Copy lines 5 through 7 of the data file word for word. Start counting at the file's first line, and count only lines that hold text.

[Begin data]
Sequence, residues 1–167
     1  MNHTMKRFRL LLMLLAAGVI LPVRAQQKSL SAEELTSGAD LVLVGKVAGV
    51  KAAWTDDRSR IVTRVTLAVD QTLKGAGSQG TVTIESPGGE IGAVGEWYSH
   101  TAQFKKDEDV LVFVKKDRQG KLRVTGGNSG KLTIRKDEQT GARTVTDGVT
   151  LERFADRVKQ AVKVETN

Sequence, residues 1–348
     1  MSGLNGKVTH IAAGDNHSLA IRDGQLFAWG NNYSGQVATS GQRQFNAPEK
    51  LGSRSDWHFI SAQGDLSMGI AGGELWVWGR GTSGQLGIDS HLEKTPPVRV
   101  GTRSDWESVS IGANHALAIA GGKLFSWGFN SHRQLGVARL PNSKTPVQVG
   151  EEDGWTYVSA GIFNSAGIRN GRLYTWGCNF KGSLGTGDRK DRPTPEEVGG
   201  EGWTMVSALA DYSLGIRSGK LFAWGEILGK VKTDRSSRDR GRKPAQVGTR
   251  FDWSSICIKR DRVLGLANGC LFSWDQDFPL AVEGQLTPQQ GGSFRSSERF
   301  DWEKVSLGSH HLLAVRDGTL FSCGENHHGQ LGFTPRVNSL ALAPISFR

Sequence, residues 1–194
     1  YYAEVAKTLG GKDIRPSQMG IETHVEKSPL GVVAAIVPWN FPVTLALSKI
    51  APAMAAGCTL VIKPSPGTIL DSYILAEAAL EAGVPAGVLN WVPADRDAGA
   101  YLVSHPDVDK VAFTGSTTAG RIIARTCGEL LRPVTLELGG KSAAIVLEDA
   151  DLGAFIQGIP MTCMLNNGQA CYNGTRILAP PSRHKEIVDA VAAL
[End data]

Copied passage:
   151  LERFADRVKQ AVKVETN

Sequence, residues 1–348
     1  MSGLNGKVTH IAAGDNHSLA IRDGQLFAWG NNYSGQVATS GQRQFNAPEK